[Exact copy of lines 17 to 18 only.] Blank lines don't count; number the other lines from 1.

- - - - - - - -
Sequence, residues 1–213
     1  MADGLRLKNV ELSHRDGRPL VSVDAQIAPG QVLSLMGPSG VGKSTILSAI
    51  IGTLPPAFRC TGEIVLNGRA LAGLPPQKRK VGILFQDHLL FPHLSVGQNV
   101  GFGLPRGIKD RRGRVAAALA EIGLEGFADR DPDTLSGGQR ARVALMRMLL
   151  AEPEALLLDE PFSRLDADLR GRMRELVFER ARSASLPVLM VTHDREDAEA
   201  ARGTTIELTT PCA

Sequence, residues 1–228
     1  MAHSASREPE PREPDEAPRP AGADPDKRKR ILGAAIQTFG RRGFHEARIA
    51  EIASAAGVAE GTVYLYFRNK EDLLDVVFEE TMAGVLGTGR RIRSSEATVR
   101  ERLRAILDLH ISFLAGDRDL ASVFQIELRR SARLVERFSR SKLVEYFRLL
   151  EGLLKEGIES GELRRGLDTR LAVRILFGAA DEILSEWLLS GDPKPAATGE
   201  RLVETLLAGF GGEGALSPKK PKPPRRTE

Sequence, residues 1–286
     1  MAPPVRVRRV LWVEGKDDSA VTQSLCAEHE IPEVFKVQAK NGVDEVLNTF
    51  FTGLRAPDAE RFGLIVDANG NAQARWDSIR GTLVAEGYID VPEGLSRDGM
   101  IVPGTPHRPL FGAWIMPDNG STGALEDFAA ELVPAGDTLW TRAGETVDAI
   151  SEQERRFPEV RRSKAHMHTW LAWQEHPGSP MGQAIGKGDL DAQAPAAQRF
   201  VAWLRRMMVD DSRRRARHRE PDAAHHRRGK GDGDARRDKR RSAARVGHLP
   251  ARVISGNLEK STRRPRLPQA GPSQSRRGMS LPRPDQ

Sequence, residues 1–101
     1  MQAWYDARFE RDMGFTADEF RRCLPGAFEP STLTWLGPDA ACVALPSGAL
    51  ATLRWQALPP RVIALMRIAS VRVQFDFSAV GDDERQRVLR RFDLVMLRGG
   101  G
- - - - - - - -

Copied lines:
   151  SEQERRFPEV RRSKAHMHTW LAWQEHPGSP MGQAIGKGDL DAQAPAAQRF
   201  VAWLRRMMVD DSRRRARHRE PDAAHHRRGK GDGDARRDKR RSAARVGHLP